After much experimentation, Mattheij rewrote the software (several times in fact) to accomplish a variety of basic tasks. At its core, the system takes images from a webcam and feeds them to a neural network to do the classification. Of course, the neural net needs to be "trained" by showing it lots of images, and telling it what those images represent. Mattheij's breakthrough was allowing the machine to effectively train itself, with guidance: Running pieces through allows the system to take its own photos, make a guess, and build on that guess. As long as Mattheij corrects the incorrect guesses, he ends up with a decent (and self-reinforcing) corpus of training data. As the machine continues running, it can rack up more training, allowing it to recognize a broad variety of pieces on the fly.

Here's another video, focusing on how the pieces move on conveyer belts (running at slow speed so puny humans can follow). You can also see the air jets in action:

In an email interview, Mattheij told Mental Floss that the system currently sorts LEGO bricks into more than 50 categories. It can also be run in a color-sorting mode to bin the parts across 12 color groups. (Thus at present you'd likely do a two-pass sort on the bricks: once for shape, then a separate pass for color.) He continues to refine the system, with a focus on making its recognition abilities faster. At some point down the line, he plans to make the software portion open source. You're on your own as far as building conveyer belts, bins, and so forth.

Check out Mattheij's writeup in two parts for more information. It starts with an overview of the story, followed up with a deep dive on the software. He's also tweeting about the project (among other things). And if you look around a bit, you'll find bulk LEGO brick auctions online—it's definitely a thing!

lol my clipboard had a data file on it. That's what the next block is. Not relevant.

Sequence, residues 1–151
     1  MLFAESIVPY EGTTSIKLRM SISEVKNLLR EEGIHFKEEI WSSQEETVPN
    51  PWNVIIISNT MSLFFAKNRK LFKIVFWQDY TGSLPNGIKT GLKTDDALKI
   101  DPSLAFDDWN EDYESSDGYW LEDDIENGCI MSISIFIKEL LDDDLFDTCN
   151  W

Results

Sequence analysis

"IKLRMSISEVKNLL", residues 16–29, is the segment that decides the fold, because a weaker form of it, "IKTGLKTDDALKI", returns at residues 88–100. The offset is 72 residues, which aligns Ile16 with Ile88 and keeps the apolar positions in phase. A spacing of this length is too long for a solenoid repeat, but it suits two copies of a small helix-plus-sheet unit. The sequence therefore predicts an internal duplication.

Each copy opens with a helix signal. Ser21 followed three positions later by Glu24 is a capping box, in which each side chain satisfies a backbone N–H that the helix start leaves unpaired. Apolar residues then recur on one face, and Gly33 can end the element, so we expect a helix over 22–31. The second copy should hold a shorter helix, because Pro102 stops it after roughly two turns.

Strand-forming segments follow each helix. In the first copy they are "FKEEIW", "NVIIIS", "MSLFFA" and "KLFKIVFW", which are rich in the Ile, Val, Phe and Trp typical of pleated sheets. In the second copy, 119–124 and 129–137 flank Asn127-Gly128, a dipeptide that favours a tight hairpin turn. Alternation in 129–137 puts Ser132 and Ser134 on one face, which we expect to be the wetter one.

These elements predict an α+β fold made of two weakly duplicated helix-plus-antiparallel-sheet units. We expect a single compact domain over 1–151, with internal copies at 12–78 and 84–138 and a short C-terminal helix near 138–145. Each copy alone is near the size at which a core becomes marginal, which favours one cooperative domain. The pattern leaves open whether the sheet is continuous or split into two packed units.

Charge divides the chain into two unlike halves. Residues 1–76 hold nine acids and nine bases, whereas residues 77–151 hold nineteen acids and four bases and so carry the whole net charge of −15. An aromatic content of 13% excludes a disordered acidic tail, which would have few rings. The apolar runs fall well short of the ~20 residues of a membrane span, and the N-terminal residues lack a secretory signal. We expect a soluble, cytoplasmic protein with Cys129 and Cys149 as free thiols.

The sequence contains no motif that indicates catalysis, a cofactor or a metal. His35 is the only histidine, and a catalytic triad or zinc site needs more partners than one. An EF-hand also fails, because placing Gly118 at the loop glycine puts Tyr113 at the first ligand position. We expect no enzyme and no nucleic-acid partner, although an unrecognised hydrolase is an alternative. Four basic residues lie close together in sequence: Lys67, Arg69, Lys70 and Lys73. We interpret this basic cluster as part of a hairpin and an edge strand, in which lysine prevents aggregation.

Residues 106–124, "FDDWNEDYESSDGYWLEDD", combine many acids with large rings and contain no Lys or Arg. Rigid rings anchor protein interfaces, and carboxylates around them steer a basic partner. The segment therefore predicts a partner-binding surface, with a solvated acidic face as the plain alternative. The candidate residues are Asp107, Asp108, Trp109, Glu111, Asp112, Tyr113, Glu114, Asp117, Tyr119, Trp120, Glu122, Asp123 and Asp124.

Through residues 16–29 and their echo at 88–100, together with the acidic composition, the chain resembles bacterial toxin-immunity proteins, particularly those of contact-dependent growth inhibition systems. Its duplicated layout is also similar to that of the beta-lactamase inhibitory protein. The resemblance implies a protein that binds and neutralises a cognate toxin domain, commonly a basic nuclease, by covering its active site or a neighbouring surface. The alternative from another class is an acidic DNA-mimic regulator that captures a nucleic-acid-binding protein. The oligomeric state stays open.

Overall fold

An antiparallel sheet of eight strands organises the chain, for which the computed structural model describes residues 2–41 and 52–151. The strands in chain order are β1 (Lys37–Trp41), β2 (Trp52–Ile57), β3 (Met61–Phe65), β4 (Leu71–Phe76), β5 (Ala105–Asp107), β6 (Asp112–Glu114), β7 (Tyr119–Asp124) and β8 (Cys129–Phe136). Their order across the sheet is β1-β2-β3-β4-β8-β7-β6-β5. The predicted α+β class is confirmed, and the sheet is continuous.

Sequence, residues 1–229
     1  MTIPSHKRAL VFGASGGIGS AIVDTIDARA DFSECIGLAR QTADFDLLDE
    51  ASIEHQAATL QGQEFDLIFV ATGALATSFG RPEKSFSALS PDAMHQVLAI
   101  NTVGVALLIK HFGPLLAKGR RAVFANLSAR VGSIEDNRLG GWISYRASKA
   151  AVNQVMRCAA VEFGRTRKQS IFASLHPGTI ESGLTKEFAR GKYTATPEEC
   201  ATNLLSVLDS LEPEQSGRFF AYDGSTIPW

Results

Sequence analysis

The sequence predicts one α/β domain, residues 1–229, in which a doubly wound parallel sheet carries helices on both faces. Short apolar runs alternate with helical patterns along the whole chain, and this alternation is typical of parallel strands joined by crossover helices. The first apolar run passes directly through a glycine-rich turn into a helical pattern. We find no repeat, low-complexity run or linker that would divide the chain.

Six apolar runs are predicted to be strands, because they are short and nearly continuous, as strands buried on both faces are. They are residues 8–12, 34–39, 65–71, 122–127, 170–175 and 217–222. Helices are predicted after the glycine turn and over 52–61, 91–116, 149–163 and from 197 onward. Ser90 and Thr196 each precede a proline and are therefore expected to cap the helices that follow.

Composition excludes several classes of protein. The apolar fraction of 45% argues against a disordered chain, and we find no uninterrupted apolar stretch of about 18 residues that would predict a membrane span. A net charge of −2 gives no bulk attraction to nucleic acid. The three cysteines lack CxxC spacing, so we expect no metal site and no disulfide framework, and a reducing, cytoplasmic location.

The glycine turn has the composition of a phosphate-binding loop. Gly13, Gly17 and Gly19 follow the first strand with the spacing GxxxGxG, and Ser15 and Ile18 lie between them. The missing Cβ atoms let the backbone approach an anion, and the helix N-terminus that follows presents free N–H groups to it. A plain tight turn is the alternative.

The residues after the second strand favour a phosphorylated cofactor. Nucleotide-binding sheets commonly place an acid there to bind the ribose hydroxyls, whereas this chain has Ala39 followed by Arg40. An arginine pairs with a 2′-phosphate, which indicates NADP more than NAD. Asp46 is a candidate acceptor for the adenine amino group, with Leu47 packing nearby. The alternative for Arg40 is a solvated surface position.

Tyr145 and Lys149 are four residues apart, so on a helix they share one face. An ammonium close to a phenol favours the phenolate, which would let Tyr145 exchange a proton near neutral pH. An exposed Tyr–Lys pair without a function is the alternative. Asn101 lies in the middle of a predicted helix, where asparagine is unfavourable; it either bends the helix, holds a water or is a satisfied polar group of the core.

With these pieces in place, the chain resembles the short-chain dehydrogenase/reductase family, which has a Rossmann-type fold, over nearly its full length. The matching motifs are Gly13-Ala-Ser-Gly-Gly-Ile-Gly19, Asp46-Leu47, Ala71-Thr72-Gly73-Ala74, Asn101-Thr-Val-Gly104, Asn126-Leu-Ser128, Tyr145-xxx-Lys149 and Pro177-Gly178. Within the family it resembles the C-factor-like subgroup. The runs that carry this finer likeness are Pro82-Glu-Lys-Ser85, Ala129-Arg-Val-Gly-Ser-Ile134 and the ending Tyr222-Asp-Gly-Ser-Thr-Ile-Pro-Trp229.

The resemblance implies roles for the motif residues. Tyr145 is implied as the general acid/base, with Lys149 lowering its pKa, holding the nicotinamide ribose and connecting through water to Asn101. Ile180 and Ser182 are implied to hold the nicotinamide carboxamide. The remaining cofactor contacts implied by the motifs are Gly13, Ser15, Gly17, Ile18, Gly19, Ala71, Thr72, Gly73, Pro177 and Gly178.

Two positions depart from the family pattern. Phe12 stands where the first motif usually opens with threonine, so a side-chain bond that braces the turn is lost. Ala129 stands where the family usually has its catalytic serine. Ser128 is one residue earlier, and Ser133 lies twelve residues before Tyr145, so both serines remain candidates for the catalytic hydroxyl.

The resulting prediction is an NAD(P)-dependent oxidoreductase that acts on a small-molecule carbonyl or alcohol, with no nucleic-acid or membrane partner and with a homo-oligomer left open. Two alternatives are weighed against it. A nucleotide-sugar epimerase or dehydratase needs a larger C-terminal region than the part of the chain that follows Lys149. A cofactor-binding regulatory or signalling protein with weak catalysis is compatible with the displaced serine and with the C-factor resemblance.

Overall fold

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iStock
Animals
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Scientists Think They Know How Whales Got So Big
May 24, 2017
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iStock

It can be difficult to understand how enormous the blue whale—the largest animal to ever exist—really is. The mammal can measure up to 105 feet long, have a tongue that can weigh as much as an elephant, and have a massive, golf cart–sized heart powering a 200-ton frame. But while the blue whale might currently be the Andre the Giant of the sea, it wasn’t always so imposing.

For the majority of the 30 million years that baleen whales (the blue whale is one) have occupied the Earth, the mammals usually topped off at roughly 30 feet in length. It wasn’t until about 3 million years ago that the clade of whales experienced an evolutionary growth spurt, tripling in size. And scientists haven’t had any concrete idea why, Wired reports.

A study published in the journal Proceedings of the Royal Society B might help change that. Researchers examined fossil records and studied phylogenetic models (evolutionary relationships) among baleen whales, and found some evidence that climate change may have been the catalyst for turning the large animals into behemoths.

As the ice ages wore on and oceans were receiving nutrient-rich runoff, the whales encountered an increasing number of krill—the small, shrimp-like creatures that provided a food source—resulting from upwelling waters. The more they ate, the more they grew, and their bodies adapted over time. Their mouths grew larger and their fat stores increased, helping them to fuel longer migrations to additional food-enriched areas. Today blue whales eat up to four tons of krill every day.

If climate change set the ancestors of the blue whale on the path to its enormous size today, the study invites the question of what it might do to them in the future. Changes in ocean currents or temperature could alter the amount of available nutrients to whales, cutting off their food supply. With demand for whale oil in the 1900s having already dented their numbers, scientists are hoping that further shifts in their oceanic ecosystem won’t relegate them to history.

[h/t Wired]